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Bears as Predators ~

United States brotherbear Offline
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#1

Bears as we all know are omnivores and part-time predators. Polar bears are of course the only full-time predator living today among bears. The topic here is the hunting skills and killing methods of bears. Also, the prey choices and prey limitations of bears. 
I do not wish to make a habit, or perhaps I should say continue with the bad habit of copying material from other sites, but some good information can be found here:   http://shaggygod.proboards.com/board/18/...-ungulates
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Canada GrizzlyClaws Offline
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#2

The Brown bears were also hypercarnivores in the Pleistocene, but the radical climate change had forced them to switch their diet preference.
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United States brotherbear Offline
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(01-02-2016, 01:38 AM)GrizzlyClaws Wrote: The Brown bears were also hypercarnivores in the Pleistocene, but the radical climate change had forced them to switch their diet preference.

Were the grizzlies of Pleistocene North America mostly hunters or foragers due to the presence of the giant short-faced bears?
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Canada GrizzlyClaws Offline
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( This post was last modified: 01-02-2016, 02:46 AM by GrizzlyClaws )

@brotherbear, I heard that the Pleistocene Grizzlies were hypercarnivores, but they usually tried to avoid the interaction with the Giant Short-Faced bear.

However, to mess with the smaller American lions was a more favorable option to acquire more food sources by stealing their kills.

The Pleistocene Grizzlies were about the size of the modern Kodiak bears, although smaller than Arctodus simus, but still significantly heavier than Panthera atrox.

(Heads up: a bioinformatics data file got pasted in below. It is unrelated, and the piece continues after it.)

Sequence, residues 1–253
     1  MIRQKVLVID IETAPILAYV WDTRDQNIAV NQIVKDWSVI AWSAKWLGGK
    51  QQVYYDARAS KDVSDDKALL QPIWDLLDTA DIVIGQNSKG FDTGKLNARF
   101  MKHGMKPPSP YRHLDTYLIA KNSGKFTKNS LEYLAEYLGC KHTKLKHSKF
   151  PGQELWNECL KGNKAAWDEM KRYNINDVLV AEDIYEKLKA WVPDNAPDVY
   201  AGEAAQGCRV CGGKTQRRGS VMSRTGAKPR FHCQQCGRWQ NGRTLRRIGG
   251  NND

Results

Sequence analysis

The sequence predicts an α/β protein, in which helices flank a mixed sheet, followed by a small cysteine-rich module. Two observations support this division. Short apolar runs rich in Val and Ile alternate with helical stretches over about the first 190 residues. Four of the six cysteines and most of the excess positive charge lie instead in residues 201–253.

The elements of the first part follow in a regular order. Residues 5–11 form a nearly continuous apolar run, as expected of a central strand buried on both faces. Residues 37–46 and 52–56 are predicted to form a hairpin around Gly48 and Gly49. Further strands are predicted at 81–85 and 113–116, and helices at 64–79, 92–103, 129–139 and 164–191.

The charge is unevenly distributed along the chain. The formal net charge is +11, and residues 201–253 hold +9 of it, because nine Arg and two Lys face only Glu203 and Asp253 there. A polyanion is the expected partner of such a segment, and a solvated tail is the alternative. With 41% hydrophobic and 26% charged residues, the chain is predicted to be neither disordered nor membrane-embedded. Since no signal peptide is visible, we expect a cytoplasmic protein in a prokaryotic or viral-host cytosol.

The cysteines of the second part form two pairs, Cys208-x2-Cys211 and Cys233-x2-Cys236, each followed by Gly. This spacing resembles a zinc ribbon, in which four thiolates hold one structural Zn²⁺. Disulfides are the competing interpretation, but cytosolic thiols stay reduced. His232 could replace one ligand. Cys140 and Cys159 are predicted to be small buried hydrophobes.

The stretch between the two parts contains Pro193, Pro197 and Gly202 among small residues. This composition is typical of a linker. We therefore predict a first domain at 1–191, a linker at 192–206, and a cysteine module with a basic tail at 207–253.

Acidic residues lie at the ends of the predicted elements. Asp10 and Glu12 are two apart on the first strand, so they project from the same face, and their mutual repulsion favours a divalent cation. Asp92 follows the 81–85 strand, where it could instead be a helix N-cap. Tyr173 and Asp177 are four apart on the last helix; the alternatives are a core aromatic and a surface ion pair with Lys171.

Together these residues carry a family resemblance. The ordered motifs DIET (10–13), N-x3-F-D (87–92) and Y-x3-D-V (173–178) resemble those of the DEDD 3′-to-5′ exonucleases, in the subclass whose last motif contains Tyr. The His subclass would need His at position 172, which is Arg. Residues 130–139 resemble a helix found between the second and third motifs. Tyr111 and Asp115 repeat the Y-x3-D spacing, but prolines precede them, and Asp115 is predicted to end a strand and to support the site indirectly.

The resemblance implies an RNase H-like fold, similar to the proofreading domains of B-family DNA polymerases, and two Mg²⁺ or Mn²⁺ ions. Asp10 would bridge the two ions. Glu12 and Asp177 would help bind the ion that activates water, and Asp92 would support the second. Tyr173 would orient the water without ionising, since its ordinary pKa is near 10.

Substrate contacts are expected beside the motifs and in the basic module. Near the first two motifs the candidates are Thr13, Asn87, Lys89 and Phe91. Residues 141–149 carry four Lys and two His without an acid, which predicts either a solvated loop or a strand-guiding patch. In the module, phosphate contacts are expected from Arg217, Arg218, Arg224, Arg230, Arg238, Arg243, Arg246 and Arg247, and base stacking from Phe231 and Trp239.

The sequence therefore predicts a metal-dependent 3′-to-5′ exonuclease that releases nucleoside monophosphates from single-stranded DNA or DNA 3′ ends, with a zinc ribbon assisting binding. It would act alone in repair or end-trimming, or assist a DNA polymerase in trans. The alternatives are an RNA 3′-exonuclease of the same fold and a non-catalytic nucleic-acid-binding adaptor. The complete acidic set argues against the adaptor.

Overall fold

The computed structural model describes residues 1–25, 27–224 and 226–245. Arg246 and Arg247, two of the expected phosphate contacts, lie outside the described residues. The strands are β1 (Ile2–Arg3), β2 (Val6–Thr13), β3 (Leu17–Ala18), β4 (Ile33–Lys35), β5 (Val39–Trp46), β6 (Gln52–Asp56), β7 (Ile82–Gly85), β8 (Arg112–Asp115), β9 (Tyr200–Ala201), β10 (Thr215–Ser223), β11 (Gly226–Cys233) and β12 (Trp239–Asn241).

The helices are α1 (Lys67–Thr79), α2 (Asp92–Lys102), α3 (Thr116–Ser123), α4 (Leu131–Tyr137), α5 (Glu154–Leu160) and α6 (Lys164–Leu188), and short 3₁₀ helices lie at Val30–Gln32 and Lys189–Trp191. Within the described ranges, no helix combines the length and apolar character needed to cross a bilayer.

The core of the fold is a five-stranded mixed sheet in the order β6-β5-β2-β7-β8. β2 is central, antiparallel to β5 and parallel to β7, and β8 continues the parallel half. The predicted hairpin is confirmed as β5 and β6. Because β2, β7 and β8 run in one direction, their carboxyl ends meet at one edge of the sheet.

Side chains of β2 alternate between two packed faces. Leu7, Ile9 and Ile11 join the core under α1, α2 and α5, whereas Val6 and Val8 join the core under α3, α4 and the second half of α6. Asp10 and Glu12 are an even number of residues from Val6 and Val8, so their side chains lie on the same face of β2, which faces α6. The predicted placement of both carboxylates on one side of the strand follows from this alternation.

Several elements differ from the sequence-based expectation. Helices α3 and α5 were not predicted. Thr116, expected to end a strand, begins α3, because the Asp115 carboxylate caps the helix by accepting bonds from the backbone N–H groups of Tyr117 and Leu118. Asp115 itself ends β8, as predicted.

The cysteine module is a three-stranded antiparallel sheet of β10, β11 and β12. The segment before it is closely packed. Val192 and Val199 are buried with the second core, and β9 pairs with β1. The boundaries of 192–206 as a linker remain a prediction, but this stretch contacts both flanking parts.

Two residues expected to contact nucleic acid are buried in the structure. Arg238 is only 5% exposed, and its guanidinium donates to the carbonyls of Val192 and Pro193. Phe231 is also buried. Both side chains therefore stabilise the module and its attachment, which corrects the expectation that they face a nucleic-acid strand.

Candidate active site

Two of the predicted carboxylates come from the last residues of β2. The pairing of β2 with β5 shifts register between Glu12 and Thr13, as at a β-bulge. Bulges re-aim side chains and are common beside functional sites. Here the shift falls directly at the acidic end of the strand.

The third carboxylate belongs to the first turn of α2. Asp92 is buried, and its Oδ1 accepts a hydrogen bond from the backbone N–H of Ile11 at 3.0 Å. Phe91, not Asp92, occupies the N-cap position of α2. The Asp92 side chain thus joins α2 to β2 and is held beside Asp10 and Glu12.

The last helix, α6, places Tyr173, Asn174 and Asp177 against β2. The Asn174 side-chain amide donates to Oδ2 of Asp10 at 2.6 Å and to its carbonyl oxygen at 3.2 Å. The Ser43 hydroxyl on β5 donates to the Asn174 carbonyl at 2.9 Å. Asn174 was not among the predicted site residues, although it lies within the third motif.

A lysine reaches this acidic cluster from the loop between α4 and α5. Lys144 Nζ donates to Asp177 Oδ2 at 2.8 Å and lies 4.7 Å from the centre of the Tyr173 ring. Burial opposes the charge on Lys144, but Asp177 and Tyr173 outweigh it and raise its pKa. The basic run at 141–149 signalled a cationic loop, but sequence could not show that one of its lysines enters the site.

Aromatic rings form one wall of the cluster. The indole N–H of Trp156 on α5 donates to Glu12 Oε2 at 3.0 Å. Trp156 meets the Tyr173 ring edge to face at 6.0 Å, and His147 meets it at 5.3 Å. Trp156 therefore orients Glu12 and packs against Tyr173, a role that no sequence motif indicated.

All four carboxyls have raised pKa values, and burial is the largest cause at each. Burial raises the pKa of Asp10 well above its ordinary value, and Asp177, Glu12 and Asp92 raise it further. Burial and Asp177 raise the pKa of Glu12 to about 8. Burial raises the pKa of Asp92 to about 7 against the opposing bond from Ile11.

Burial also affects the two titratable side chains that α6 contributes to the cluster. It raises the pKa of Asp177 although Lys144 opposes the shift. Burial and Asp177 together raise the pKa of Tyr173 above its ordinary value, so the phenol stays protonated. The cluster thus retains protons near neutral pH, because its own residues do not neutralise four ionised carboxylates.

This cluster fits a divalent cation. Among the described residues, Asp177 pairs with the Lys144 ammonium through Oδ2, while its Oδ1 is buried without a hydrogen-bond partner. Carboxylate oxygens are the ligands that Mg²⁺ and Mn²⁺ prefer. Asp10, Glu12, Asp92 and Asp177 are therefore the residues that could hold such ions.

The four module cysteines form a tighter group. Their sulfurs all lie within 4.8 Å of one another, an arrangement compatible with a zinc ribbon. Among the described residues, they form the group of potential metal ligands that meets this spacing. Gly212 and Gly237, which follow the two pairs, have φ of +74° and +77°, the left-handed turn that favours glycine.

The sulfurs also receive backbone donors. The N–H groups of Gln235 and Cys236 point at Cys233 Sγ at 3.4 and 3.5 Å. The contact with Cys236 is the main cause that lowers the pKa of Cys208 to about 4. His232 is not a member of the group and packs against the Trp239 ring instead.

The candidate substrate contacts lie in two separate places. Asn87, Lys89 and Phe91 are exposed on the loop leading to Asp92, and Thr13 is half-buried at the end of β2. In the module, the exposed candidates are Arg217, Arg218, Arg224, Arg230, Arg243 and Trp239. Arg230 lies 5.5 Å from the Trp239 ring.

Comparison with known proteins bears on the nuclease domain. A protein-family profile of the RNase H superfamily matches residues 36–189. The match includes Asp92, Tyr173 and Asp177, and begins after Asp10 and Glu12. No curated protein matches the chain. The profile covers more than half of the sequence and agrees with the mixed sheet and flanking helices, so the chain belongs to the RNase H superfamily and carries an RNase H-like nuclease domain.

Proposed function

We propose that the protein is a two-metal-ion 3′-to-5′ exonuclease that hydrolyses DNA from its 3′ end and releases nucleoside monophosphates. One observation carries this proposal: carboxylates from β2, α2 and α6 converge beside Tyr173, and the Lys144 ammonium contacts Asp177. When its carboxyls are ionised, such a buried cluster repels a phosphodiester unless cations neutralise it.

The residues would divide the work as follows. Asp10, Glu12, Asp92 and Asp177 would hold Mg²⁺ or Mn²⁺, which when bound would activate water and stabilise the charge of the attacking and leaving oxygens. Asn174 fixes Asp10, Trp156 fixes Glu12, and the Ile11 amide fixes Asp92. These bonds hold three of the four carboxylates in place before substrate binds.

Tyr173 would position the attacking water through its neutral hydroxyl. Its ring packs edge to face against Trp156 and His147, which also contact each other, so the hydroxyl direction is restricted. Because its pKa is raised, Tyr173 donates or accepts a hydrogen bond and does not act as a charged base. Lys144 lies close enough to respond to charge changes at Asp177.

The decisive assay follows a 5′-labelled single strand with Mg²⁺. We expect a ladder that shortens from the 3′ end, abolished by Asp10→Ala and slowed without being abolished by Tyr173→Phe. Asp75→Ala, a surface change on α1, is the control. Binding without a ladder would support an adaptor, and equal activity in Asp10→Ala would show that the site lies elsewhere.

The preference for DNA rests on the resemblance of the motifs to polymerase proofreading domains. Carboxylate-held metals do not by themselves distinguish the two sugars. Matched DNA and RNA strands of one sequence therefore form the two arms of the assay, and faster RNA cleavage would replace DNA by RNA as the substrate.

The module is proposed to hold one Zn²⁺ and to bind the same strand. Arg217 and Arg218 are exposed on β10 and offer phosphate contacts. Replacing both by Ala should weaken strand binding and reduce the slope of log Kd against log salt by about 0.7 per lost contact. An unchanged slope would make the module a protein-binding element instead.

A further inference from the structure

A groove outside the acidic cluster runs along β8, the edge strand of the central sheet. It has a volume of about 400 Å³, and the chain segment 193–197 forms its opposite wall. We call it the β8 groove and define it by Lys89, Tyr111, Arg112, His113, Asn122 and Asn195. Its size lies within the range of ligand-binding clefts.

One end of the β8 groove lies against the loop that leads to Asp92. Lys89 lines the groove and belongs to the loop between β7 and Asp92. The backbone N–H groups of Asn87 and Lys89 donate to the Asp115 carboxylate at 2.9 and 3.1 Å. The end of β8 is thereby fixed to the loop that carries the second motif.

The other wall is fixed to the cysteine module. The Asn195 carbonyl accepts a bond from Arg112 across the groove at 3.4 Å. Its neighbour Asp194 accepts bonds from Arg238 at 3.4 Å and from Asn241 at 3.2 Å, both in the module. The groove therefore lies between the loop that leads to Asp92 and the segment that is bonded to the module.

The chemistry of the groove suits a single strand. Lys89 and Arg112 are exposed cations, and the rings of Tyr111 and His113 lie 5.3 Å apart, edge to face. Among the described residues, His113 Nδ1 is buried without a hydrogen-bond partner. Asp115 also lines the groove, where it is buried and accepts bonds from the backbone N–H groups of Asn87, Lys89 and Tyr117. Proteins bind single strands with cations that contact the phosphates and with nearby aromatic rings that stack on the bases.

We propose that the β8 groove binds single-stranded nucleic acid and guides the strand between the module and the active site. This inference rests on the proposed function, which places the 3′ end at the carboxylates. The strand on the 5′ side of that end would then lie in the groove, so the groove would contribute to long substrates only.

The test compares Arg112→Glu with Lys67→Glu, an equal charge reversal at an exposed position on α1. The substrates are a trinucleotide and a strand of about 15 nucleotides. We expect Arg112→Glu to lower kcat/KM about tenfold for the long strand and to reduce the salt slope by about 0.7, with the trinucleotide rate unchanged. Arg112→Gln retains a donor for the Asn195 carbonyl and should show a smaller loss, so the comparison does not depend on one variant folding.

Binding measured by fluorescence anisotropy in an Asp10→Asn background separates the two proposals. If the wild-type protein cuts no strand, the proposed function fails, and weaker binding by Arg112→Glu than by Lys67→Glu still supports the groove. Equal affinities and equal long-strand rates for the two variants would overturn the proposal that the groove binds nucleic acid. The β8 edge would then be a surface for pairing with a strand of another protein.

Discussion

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Canada GrizzlyClaws Offline
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( This post was last modified: 01-02-2016, 02:56 AM by GrizzlyClaws )

That's the nature, the Pleistocene Grizzlies avoided other larger bears, but cherry picking on a smaller/weaker opponent.

When the big cats became smaller, they would get harassed/bullied by the bigger bears.

In many cases, we can see the scenario between the Amur tiger/Amur bear and Bengal tiger/Moon bear. The big cats need some considerably weight parity to hold the ground against the bears.
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United States brotherbear Offline
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#6

My idea of a big grizzly 
                                          
*This image is copyright of its original author
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Canada GrizzlyClaws Offline
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#7

I guess it is from the movie "Into the Grizzly Maze", and some scenes were quite gruesome.
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Canada Dr Panthera Offline
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#8

Brown bears , especially males, get a good percentage of their diets from animal protein, while sacrificing agility and camouflage for strength and size bears are surprisingly fast and able to overtake young and injured ungulates and easily dispatching them: American and European bisons, elk, red deer, moose, white-tailed deer, mule deer, rein deer, sika deer, roe deer, and wild boar are all taken, mountain dwelling ungulates as well.
Fish, especially salmon remains an excellent source of animal protein.
Bears are good scavengers and routinely dispossess other carnivores from their kills including at times formidable wolf packs and Amur tigers as well as leopards, cougars, coyotes, dholes, and jackals.
American black bears are important predators of deer fawns, Himalayan black bears occasionally kill ungulates.
Spectacled bears, sun bears, and giant pandas are mostly vegetarian and sloth bears are insectivores.